2.1 North and South in 1861
American Military History (Washington: Center of Military History, United States Army, 1989), pp. 192–193.
Provided by United States Army Center of Military History.
|Percent of nation’s population||71%||29%|
|Percent of nation’s railroads||71%||29%|
|Percent of nation’s farm acreage||65%||35%|
|Percent of nation’s manufacturing workers||92%||8%|
|Percent of nation’s manufacturing output||92%||8%|
|Number of factories||110,000||18,000|
As North and South lined up for battle, clearly the preponderance of productive capacity, manpower, and agricultural potential lay on the side of the North. Its crops were worth more annually than those of the South, which had concentrated on growing cotton, tobacco, and rice. Between February and May 1861 the Confederate authorities missed the opportunity of shipping baled cotton to England and drawing bills against it for the purchase of arms. In seapower, railroads, material wealth, and industrial capacity to produce iron and munitions the North was vastly superior to the South. This disparity became even more pronounced as the ever-tightening blockade gradually cut off the Confederacy from foreign imports. The North had more mules and horses, a logistical advantage of great importance since supplies had to be carried to the troops from rail and river heads.
According to the census of 1860 the population of the United States numbered 31,443,321 persons. Approximately 23,000,000 of them were in the twenty-two northern states and 9,000,000 in the eleven states that later seceded. Of the latter total, 3,500,000 were slaves. The size of the opposing armies would reflect this disparity. At one time or another about 2,100,000 men would serve in the northern armies, while some 800,000 to 900,000 men would serve the South. Peak strength of the two forces would be about 1,000,000 and 600,000, respectively.
Yet not all the advantages lay with the North. The South possessed good interior lines of communications, and its 3,550-mile coast line, embracing 189 harbors and navigable river mouths, was most difficult to blockade effectively. Possessors of a rich military record in wars against the British, Spanish, Mexicans, and Indians, the southerners initially managed to form redoubtable cavalry units more easily than the North and used them with considerable skill against the invading infantry. As the war moved along, the armies on both sides demonstrated high degrees of military skill and bravery. Man for man they became almost evenly matched, and their battles were among the bloodiest in modern history.
Jefferson Davis hoped that the sympathy or even intervention of European powers might more than compensate for the Confederacy’s lack of material resources. This hope, largely illusory from the start, became less and less likely of realization with the emancipation of the slaves, with every Union victory, and with the increasing effectiveness of the blockade.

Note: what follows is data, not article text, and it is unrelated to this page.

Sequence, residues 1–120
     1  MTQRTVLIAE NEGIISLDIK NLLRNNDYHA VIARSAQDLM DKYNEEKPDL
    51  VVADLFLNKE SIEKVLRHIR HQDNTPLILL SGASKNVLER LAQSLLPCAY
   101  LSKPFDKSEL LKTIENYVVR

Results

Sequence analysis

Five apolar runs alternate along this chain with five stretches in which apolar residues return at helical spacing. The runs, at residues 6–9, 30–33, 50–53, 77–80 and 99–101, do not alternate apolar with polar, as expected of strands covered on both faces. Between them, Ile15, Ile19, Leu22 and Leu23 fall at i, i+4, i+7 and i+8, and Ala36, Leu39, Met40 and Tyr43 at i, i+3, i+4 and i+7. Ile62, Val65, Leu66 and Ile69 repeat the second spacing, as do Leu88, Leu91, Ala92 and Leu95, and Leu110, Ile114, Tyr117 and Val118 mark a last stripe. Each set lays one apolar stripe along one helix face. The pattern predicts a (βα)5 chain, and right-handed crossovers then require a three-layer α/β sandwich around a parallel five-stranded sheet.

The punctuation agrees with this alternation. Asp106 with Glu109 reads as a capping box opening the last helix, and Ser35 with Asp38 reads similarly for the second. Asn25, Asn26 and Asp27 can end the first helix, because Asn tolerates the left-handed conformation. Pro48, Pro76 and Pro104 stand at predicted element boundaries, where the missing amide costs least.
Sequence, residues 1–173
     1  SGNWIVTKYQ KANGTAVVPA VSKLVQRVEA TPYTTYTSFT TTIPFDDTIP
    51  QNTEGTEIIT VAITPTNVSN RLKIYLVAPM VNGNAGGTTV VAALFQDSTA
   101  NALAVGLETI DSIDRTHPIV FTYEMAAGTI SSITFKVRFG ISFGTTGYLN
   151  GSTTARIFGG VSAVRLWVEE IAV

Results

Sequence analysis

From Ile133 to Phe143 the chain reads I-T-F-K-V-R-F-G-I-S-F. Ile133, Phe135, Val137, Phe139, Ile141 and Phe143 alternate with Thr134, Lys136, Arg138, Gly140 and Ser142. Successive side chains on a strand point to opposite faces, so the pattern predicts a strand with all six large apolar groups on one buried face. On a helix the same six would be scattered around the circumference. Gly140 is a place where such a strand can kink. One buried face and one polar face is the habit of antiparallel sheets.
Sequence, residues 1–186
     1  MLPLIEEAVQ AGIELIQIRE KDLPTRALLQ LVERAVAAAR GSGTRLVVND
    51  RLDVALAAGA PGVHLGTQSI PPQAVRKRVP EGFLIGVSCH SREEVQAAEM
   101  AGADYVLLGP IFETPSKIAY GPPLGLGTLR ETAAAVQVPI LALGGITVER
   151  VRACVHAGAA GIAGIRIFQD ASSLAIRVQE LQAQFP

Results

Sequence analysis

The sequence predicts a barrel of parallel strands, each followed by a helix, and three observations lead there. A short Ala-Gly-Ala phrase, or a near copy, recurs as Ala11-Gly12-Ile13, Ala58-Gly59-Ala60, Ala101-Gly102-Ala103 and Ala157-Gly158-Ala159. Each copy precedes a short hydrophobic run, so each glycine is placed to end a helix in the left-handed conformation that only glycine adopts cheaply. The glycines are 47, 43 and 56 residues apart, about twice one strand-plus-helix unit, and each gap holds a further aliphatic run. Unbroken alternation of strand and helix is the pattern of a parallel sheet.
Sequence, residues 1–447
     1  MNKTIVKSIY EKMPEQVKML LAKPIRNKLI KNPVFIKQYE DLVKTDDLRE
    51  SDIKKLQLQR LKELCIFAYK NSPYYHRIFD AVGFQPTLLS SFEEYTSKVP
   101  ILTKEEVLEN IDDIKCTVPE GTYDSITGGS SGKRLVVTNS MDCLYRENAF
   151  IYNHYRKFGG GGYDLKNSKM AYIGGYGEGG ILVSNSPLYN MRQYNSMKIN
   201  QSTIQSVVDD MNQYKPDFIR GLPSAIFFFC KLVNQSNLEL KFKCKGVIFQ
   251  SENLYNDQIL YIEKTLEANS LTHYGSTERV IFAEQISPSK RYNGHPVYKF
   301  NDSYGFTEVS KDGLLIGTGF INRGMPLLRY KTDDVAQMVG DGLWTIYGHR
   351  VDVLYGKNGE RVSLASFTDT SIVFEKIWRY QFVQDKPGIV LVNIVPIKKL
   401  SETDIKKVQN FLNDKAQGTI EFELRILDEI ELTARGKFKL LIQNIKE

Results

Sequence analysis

Militarily, the South’s greatest advantage over the North was simply the fact that if not attacked it could win by doing nothing. To restore the Union the Federal forces would have to conquer the Confederacy. Thus the arena of action lay below the strategic line of the Potomac and Ohio Rivers. Here geography divided the theater of war into three interrelated theaters of operations. The eastern theater lay between the Atlantic Ocean and the Appalachian Mountains; the western theater embraced the area from the Appalachians to the Mississippi; and the trans-Mississippi theater ran westward to the Pacific Ocean.
In the east, the strategic triangle of northern Virginia shielded invasion routes. Its apex aimed arrowlike at the Federal capital; the Potomac River and the lower Chesapeake Bay formed its right leg; its left bounded on the Blue Ridge and the adjacent Shenandoah Valley; and the base of the triangle followed the basin of the James and Appomattox Rivers, whereon stood Richmond, halfway between the bay and the valley. For three and a half years Federal commanders would be defeated on the legs and in the center of this triangle as they tried to take Richmond and defeat the Army of Northern Virginia under Lee. In three neighboring counties within this triangle more than half a million men would clash in mortal combat; more would die in these counties than in the Revolutionary War, the War of 1812, the War with Mexico, and all the Indian wars combined. To bring the Confederates out of this triangle the North would have to execute an operation aimed at breaking through the base line along the James and Appomattox Rivers.
The hammer for swinging against the anvil of Virginia came from the line of the Ohio River as Union forces moved along the invasion routes of the Green, Cumberland, Tennessee, and Mississippi Rivers. To breach the lower reaches of the Appalachians, the Federals needed the railroad centers at Nashville, Chattanooga, and Atlanta; with them they could strike northward through the Carolinas toward the line of the James. But in the spring of 1861, the anvil and hammer concept had not yet occurred to the military leaders in Washington. Only the General in Chief, Winfield Scott, had a concrete strategic proposal for waging total war. He recommended to Lincoln that time be taken to train an army of 85,000 men and that the naval blockade of the Confederacy be enforced. Then the Army was to advance down the Mississippi to divide and conquer the South. The press ridiculed the strategy, calling it the Anaconda Plan. But few leaders examined the South in terms of its military geography or concentrated on a strategy to prevail over it. Instead, most thought in terms of political boundaries and a short war that would end with the capture of Richmond.